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Just In Time is a management strategy based on planned elimination of all waste and continuous improvement of productivity. Just in Time (JIT) Inventory Control aims at elimination of wastes related to stocking and usage of raw materials and finished inventory.
The earliest application of Just in Time inventory control JIT is by Henry Ford of the Ford Motor Company who applied JIT to manage raw materials during the the early 20th Century.
The origins of JIT as a management strategy is however commonly associated with World War II Japan, when Taiichi Onho sought ways to revive the Toyota Corporation. The application of JIT in the Toyota Manufacturing process met with remarkable success, leading to widespread popularity for the concept. Toyota expanded the concept of JIT from Ford’s inventory control mechanism to a strategy that compasses all parts of an organization including order taking, purchasing, operations, distribution, sales, accounting, design, human resources, and other areas.
The Toyota production System also expanded the concept of waste from excess inventory to include unnecessary processing steps, idling time of machinery, product defects, faulty working techniques, unnecessary transportation, and overproduction.
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JIT Inventory Management
The basic principle of JIT is “lean manufacturing" or reduction of inventory. Unlike the traditional accounting notion that considers inventory as adding and storing value, JIT considers inventory as waste and incurring costs.
JIT identifies that accumulating inventory hides inherent problems in the production process such as lack of backups at work centers, faulty machinery, process variability, lack of flexibility and inadequate capacity.
JIT strives to eliminate inventory by:
- efficient and real time monitoring of materials and resource usage in the work process and replenishing materials at the right time, neither too early nor too late
- sourcing raw materials only at the time of production and not stocking raw materials
- scheduling the manufacturing process on demand and shipping the product directly to the customer without incurring inventory storage costs and blocking capital
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JIT Continuous Improvement of Product Quality
Just in Time Inventory Control JIT aims at continuous product improvement through many ways, such as:
- identifying things that do not add value to the product or process and removing them
- ensuring that the basic product design remains simple and easy to understand
- ensuring “Quality at Source", by making each worker responsible for the quality of their work
- placing at the disposal of workers “Poka-yoke" or foolproof tools, methods, and jigs to prevent mistakes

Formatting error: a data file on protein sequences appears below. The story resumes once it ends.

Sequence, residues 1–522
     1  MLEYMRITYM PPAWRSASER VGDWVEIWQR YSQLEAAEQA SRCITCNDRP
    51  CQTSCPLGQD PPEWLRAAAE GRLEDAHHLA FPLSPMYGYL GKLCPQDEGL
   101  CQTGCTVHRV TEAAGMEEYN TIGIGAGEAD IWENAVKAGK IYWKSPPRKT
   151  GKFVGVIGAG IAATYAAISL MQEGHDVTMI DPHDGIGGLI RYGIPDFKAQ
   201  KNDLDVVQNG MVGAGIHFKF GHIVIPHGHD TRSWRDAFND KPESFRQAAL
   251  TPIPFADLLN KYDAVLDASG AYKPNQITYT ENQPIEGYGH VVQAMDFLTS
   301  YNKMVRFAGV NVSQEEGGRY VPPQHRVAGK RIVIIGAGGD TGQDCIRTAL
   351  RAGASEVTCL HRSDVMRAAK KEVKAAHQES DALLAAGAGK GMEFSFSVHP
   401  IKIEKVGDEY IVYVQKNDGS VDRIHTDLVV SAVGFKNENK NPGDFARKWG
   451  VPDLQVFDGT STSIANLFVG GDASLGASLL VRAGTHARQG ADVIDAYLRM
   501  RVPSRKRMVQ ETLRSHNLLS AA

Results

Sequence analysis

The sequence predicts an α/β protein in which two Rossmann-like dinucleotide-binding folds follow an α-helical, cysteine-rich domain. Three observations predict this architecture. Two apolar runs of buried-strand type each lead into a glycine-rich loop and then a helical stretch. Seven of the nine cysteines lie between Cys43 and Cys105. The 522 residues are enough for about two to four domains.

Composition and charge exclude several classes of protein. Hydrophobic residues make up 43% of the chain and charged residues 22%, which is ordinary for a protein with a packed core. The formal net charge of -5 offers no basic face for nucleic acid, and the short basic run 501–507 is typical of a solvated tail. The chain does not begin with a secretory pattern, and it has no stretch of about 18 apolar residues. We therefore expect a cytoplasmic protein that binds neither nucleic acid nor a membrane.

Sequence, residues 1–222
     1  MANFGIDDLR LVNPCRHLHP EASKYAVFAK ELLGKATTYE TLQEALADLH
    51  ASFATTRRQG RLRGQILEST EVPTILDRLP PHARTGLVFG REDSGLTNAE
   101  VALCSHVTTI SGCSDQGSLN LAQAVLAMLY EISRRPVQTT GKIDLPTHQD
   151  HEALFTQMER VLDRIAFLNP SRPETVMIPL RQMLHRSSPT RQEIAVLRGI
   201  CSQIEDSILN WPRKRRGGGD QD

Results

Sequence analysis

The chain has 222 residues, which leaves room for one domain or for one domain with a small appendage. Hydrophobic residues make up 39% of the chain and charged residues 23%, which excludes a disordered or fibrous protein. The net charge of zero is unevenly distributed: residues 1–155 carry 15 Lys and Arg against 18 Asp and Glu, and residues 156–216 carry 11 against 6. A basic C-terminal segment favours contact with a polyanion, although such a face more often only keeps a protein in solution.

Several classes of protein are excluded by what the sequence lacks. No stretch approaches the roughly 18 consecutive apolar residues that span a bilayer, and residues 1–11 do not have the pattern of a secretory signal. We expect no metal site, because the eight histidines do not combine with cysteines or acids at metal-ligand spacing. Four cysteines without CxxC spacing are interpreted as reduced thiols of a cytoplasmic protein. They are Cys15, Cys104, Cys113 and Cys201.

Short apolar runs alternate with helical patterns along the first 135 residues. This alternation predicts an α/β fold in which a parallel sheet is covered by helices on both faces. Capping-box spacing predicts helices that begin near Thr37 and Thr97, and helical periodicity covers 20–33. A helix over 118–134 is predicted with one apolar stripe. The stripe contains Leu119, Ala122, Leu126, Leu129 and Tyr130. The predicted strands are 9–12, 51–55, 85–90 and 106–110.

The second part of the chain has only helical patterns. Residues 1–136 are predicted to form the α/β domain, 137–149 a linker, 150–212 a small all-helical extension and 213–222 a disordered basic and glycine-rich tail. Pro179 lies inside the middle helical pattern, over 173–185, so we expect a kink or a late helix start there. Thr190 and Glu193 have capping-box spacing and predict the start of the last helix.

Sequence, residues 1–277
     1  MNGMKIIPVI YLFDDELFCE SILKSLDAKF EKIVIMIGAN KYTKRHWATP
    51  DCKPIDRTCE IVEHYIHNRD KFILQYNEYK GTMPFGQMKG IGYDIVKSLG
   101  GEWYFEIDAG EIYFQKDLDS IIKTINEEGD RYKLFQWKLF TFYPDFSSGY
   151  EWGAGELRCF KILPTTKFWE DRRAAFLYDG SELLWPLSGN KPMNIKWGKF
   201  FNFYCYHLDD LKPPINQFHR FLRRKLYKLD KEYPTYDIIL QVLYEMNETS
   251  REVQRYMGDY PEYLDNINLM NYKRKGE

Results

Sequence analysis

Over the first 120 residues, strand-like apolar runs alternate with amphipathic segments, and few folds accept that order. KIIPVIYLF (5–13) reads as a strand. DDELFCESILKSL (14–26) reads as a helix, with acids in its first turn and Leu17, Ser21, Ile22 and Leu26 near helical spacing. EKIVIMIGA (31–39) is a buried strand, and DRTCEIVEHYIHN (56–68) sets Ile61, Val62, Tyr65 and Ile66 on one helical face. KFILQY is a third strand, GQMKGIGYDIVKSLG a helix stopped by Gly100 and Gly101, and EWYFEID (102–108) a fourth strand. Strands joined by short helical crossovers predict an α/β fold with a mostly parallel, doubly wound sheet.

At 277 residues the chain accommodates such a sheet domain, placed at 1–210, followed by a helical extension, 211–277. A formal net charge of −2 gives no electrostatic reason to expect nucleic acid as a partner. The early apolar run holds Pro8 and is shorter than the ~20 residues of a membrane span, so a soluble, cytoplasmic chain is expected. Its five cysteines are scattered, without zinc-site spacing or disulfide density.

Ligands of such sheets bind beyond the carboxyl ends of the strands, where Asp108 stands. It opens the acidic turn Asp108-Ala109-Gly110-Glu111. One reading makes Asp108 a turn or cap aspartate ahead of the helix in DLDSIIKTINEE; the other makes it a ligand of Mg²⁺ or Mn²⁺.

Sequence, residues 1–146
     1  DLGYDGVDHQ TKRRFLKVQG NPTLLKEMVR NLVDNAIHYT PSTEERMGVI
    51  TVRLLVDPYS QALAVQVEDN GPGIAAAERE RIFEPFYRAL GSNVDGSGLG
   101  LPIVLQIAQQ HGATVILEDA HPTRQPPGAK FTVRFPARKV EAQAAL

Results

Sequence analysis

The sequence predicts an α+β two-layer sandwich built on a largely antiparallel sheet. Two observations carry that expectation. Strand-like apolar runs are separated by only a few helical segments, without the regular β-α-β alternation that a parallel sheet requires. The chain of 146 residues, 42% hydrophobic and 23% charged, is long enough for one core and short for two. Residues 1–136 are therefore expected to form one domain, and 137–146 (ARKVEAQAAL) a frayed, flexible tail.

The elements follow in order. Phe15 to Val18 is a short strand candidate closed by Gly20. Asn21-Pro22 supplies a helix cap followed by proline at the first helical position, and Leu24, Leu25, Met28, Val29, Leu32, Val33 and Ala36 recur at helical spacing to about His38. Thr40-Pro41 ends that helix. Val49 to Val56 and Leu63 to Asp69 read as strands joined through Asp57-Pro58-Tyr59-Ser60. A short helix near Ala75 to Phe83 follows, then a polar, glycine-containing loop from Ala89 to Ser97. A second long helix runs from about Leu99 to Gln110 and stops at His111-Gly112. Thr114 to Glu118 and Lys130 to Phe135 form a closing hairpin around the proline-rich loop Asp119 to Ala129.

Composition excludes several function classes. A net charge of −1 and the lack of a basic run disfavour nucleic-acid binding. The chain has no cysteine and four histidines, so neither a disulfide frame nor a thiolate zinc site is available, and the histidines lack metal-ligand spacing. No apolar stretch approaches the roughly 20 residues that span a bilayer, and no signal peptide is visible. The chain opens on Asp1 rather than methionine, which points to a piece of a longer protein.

- placing Andon or trouble lights to signal problems and initiate corrective action
Quality interventions such as Total Quality Management, 5S and others aimed at product improvement also form an integral part of the JIT continuous improvement approach.
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JIT Process Efficiency
Just in TIme Inventory Control JIT strives to improve process efficiency by identifying waste in processes and eliminating such waste. The ways to attain JIT process efficiency include:
- establishing a product oriented layout that reduces movement of inventory and eliminates queues
- instituting leveled or mixed production to smooth product flow
- establishing Kanbans, or tools to `pull' inventory and components through the process. Kanbans gives specific instructions to each worker on what parts to use and what to do.
- establishing Jidoka or autonomation. Jidoka automates the production process and automatically shuts down the entire production line on detection of errors. The production line starts again only after fixing the error.
- scheduling preventive maintenance to ensure machinery and equipment functions perfectly when required
- ensuring good housekeeping that ensures workplace cleanliness and organization
- reducing set-up times by instituting tools such as “Single Machine Exchange of Die"(SMED) that reduce batch size to one unit
- developing a multi-skilled workforce and placing importance to improving productivity and job satisfaction.
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The remarkable success enjoyed by Toyota led many other companies to benchmark the Toyota system of manufacturing. The concept came back to America by the late 1970's when Hewlett Packard introduced "stockless production." Since then, companies such as McDonalds, Dell, Harley Davidson, and others have applied JIT and tasted success.
The success of Just in Time Inventory Control JIT however depends on:
- a thorough understanding of the raw materials required and the quantities required per unit
- reliable source of raw materials
- reliable transportation to source raw materials on demand and ship out finished goods. The 1992 US railway strikes crippled a 75,000-worker General Motors plant running on JIT principles
- stable working conditions
- highly skilled and empowered workforce
Today, more and more companies realize the significant cost and other advantages brought about by the Just in Time Inventory control JIT process and adopt this principle as a source of competitive advantage.
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- University of Cambridge. Institute of Manufacturing. Just in Time Manufacturing.
- Beasley, J. E. Just in Time.
- Toyota Japan. Toyota Production System.
- Meybodi, Mohammad, Z. Using principles of just-in-time to improve new product development process.